Heliskiing is described by some as the most thrilling Alpine experience imaginable; you leap out of a helicopter on to otherwise inaccessible peaks, then plunge down a pristine mountainside at breathtaking speed. However, not all agree with it. For others, heliskiing is reckless, noisy and a carbon-heavy polluter that should be consigned to the history books.
Heliskiing remains a popular sport in Switzerland, despite the practice being banned, or severely restricted, in neighbouring countries. The sport has been around for decades and it first hit the mainstream in the sixties, but the practice of using a helicopter to get to hard-to-reach places had been around in the Alps and in Alaska since the fifties. But opposition on social and environmental grounds led to France outlawing it in 1985. Germany followed, while Austria now restricts the practice to just two sites. But, as this article points out, it is not difficult to circumvent the French ban by starting your heliskiing trip across the border in Switzerland or Italy, if you have the cash, that is.
Mountain Wilderness, an organization based in Bern, is one of those in favour of an outright ban in Switzerland. They argue that the peace and quiet of the mountains, how many envisage the Alps, is well and truly ruined when a thundering chopper overheads by. They point out that there are 42 registered helicopter landing sites in Switzerland, of these more than half fall inside or nearby a protected landscape. Something which is unacceptable, they say.
Opposition to heliskiing has always been around and its own popularity has gone hand in hand with notoriety, growing as time has gone by. In 2000, the conservation organization, Pro Natura, organized a petition to ban the practice, which duly failed. In 2009, around 100 or so protesters scaled a 3,200-metre peak, the Petersgrat in the Bernese Alps, to protest against the sport. This year, plans to operate helibiking operations in the canton of Vaud have garnered more opposition.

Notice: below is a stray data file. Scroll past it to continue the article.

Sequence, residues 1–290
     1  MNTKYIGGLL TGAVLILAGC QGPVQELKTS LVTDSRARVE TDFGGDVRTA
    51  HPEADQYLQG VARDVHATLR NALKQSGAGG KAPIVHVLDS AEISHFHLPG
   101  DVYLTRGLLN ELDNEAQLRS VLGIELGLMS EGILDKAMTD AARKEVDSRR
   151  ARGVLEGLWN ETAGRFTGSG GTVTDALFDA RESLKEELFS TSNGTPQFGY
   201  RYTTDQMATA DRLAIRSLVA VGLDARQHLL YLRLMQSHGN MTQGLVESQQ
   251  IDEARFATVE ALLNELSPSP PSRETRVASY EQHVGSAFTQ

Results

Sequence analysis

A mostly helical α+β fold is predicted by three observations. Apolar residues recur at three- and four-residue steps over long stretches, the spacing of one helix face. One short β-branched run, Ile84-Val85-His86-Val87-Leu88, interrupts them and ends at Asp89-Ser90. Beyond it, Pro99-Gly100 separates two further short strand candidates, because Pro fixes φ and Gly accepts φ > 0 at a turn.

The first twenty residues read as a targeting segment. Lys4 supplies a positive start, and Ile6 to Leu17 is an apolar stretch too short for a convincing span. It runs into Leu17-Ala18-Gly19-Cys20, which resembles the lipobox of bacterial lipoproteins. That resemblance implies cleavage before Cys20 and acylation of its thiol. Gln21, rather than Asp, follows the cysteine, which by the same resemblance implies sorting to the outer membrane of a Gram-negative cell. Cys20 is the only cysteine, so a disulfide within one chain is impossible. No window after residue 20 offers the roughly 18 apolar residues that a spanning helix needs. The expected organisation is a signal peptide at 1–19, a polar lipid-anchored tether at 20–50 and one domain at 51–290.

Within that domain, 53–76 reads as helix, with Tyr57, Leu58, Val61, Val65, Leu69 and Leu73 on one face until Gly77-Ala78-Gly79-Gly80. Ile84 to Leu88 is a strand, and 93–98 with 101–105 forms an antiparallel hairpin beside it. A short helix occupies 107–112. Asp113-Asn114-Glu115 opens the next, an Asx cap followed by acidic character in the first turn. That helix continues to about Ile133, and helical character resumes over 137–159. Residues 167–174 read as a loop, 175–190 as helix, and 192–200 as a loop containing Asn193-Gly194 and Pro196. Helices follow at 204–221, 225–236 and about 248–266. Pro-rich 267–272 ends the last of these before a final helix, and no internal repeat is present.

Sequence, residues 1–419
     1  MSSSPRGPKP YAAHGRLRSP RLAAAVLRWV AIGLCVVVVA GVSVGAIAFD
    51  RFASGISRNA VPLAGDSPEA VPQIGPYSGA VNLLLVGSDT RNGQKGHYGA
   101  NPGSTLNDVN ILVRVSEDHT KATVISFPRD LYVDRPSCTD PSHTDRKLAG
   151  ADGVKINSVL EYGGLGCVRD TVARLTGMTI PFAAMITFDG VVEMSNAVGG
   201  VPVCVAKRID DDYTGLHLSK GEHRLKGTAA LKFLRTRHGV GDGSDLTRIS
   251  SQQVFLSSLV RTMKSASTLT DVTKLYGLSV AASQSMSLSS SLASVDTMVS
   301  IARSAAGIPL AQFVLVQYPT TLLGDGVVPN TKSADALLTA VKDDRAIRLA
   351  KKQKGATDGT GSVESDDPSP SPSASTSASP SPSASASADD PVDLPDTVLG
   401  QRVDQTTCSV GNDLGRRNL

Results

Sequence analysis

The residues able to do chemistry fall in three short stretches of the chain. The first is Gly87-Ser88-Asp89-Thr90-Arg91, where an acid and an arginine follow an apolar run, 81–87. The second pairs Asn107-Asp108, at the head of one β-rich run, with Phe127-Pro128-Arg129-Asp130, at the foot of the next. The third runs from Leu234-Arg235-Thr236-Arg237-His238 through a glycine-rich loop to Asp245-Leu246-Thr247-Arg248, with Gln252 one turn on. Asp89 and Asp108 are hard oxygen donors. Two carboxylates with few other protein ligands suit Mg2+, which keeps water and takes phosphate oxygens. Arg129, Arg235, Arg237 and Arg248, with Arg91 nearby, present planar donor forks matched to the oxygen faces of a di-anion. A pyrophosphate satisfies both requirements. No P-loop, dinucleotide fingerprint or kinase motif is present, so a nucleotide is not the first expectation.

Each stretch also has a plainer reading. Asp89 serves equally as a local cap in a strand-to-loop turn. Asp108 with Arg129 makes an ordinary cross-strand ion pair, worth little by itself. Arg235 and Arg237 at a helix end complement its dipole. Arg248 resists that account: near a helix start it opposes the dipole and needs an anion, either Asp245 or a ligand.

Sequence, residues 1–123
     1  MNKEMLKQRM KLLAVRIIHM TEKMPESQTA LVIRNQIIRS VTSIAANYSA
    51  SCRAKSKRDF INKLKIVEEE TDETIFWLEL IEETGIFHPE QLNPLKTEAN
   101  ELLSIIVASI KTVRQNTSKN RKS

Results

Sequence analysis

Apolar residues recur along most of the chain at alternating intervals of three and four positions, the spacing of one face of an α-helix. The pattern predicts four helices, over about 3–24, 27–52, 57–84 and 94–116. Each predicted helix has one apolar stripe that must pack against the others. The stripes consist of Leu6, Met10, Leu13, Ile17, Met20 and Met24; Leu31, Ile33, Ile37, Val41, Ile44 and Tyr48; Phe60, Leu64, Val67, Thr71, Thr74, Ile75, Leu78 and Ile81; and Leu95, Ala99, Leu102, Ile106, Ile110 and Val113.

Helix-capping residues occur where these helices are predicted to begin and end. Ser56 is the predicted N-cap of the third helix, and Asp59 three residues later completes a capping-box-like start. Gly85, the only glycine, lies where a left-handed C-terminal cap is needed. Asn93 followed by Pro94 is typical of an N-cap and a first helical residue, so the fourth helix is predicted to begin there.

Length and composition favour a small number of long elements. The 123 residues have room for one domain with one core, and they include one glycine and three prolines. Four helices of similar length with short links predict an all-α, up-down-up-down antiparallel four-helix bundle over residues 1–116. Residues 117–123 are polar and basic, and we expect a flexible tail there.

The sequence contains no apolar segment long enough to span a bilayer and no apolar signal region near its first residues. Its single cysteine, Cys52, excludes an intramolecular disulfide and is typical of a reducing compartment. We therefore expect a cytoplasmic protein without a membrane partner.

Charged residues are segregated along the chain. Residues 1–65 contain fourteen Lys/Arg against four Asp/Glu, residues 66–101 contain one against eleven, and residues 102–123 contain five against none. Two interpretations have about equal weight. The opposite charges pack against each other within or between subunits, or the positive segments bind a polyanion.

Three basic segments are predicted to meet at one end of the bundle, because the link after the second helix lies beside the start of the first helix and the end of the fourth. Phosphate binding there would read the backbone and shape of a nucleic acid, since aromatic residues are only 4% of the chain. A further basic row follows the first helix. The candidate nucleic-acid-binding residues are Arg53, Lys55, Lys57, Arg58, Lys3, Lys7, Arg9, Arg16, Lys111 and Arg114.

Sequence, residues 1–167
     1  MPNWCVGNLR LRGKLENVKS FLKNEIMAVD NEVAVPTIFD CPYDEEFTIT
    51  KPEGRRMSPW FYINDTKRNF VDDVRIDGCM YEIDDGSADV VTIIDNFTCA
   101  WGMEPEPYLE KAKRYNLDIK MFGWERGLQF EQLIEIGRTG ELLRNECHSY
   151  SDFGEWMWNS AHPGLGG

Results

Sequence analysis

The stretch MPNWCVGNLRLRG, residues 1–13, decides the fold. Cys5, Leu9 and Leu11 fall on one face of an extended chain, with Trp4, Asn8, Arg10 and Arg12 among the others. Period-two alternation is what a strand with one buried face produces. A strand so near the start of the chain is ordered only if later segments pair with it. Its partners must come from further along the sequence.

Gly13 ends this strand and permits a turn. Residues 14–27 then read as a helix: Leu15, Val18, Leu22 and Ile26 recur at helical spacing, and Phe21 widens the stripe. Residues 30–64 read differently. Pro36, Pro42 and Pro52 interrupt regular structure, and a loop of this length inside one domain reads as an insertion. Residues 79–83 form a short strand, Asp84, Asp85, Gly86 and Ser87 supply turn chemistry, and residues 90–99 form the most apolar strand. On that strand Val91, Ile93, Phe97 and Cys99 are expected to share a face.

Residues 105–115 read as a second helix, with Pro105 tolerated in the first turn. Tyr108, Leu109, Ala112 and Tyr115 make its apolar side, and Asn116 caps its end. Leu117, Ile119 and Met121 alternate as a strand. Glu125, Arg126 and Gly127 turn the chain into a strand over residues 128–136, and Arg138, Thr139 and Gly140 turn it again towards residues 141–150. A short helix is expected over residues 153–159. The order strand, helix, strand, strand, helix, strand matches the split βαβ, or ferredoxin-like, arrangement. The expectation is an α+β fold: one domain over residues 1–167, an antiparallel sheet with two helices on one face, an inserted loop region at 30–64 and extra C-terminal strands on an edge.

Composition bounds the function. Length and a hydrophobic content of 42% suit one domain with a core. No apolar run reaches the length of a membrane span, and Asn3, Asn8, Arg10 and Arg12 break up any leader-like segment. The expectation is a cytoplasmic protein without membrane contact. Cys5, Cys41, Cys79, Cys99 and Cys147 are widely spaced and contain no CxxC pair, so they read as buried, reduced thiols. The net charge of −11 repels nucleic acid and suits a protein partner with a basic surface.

The unrelenting march of climate change, which scientists already fear will melt Switzerland’s glaciers and majorly disrupt skiing season as snow retreats to higher and higher levels, forcing low altitude resorts to close their doors, is another factor to consider. Fuel hungry sports, like heliskiing, opponents say, are the dirtiest and most extravagant face of an industry that is hastening its own demise.
Those against banning heliskiing point out that helicopters are part and parcel of living in the Alps. They are needed during mountain rescue operations and are used to deliver supplies to inaccessible areas in winter. Around 15,000 flights take place in the Alps every year and it’s argued that banning the practice of heliskiing wouldn’t make much of a dent in that number. There is also the not inconsequential economic boost provided by the sport to consider.
It’s clear the history of heliskiing in Switzerland is one shrouded in controversy and the story has yet to reach its conclusion as the country is still in the process of weighing whether its great costs are negated by any benefits. But as long as there are those who pay for the sport, there will be those who provide it.